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Researchers from the US Food and Drug Administration reported that for US children aged 17 years and younger, outpatient prescriptions for birth control medications soared 93% and for attention-deficit/hyperactivity disorder 46% since 2002, although overall prescription drug use declined. What is behind these trends? More >>
Researchers from the US Food and Drug Administration (FDA) reported that for US children aged 17 years and younger, outpatient prescriptions for birth control medications soared 93% and for attention-deficit/hyperactivity disorder 46% since 2002, although overall prescription drug use declined.
To determine trends in outpatient drug use during the years 2002 to 2010, researchers reviewed data from 2 large commercial prescription and patient databases that cover two-thirds of all outpatient retail pharmacies and include about half of all retail prescriptions dispensed in the United States.
In 2010, a total of 263.6 million prescriptions were dispensed to the US pediatric population (aged 0-17 years), a decrease of 7% from 2002. Over the same period, prescription drug use by US adults increased by 22%.
Of the top 12 therapeutic areas, systemic antibiotics were the most frequently dispensed, but their use declined by 14% in 2010 compared with 2002, in keeping with recommendations by the American Academy of Pediatrics and other groups concerning antibiotic resistance.
Decreases were also seen in use of prescription drugs for allergies (–61%), cough/cold without expectorant (–42%), pain (–14%), and depression (–5%). In contrast, use of 6 other types of drugs increased, most notably contraceptives and drugs for attention-deficit/hyperactivity disorder, followed by asthma medications, oral and dermal corticosteroids, and seizure disorder medications. The increase in contraceptive use could reflect use of the medications for other indications, including acne, researchers suggest.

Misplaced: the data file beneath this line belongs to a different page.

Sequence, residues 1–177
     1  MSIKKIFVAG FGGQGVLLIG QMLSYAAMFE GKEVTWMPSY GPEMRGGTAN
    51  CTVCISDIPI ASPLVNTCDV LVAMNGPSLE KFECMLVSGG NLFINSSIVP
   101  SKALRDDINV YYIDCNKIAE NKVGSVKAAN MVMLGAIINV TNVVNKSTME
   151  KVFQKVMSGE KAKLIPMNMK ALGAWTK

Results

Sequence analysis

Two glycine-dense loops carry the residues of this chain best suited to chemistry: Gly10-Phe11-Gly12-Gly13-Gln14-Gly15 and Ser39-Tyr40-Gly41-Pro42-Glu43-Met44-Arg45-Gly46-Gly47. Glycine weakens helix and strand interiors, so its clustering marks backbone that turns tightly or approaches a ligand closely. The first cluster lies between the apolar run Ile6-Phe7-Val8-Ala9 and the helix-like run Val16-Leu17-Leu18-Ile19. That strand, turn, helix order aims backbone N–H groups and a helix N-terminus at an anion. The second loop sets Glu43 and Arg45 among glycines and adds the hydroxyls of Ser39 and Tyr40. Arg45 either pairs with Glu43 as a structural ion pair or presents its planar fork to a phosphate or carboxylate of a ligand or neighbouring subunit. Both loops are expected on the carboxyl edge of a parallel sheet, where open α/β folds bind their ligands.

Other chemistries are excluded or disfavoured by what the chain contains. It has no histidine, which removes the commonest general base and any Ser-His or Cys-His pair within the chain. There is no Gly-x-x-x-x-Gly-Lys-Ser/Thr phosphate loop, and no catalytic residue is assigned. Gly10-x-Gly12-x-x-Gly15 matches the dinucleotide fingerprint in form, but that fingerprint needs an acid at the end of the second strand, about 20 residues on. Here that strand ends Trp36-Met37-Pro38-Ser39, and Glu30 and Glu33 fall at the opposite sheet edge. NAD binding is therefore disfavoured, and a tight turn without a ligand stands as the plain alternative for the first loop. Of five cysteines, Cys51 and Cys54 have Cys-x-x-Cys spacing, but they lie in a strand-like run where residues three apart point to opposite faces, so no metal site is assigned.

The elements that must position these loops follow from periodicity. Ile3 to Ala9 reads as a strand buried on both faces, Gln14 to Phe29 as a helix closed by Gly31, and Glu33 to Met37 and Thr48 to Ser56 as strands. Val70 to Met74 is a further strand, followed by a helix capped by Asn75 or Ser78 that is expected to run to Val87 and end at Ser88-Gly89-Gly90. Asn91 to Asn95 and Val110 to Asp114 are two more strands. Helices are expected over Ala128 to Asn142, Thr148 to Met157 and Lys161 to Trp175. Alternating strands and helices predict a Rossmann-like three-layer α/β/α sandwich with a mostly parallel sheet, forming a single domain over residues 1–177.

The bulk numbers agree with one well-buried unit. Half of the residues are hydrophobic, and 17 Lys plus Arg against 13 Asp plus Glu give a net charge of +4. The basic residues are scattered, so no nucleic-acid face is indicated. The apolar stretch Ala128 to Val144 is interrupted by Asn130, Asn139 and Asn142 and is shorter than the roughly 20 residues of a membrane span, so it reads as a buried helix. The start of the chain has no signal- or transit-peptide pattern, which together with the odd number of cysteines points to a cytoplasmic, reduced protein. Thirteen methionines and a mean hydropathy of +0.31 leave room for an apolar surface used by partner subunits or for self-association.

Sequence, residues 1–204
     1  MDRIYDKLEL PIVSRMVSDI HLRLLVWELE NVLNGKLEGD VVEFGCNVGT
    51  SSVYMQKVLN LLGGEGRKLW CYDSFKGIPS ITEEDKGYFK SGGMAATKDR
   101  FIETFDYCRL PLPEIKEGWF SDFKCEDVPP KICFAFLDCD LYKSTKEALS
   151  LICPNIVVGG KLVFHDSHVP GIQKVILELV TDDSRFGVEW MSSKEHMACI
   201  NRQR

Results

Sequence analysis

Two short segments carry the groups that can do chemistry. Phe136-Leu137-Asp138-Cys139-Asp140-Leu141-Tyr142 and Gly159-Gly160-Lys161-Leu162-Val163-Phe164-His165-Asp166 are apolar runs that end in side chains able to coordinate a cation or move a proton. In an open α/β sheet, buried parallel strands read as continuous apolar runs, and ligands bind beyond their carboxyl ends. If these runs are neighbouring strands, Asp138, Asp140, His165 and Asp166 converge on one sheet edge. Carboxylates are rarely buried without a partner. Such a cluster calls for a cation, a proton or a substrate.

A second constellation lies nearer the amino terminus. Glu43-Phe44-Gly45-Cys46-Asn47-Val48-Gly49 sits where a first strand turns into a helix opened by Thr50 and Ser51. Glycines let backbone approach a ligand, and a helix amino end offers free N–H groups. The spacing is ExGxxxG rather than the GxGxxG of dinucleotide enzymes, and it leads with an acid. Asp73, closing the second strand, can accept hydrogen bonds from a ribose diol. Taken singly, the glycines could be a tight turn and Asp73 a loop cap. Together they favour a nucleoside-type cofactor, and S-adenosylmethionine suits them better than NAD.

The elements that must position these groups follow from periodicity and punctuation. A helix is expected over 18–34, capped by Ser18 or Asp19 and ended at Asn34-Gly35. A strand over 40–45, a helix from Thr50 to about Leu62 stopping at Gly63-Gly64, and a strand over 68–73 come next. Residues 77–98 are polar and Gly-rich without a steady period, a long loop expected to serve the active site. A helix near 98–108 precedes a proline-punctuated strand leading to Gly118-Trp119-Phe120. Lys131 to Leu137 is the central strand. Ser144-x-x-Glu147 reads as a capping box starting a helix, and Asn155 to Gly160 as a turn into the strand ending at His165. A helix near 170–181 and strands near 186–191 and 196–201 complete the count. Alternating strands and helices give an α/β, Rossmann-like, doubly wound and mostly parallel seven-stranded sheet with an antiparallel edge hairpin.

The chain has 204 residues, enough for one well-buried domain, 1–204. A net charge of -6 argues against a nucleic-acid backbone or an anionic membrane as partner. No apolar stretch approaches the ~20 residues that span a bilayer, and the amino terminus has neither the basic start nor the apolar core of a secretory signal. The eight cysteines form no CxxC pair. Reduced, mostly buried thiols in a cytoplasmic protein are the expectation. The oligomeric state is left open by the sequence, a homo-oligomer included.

In 2010, amoxicillin was the most frequently dispensed prescription for infants and children aged 0 months to 11 years. Methylphenidate was the top prescription for adolescents. Off-label use of prescription drugs was noted, especially for lansoprazole; more than 350,000 prescriptions of the proton pump inhibitor were dispensed for infants younger than 1 year.
The FDA researchers say that knowledge of these trends in prescription drug use could help identify areas for further research and aid in evaluation of risks and benefits of therapies for children.
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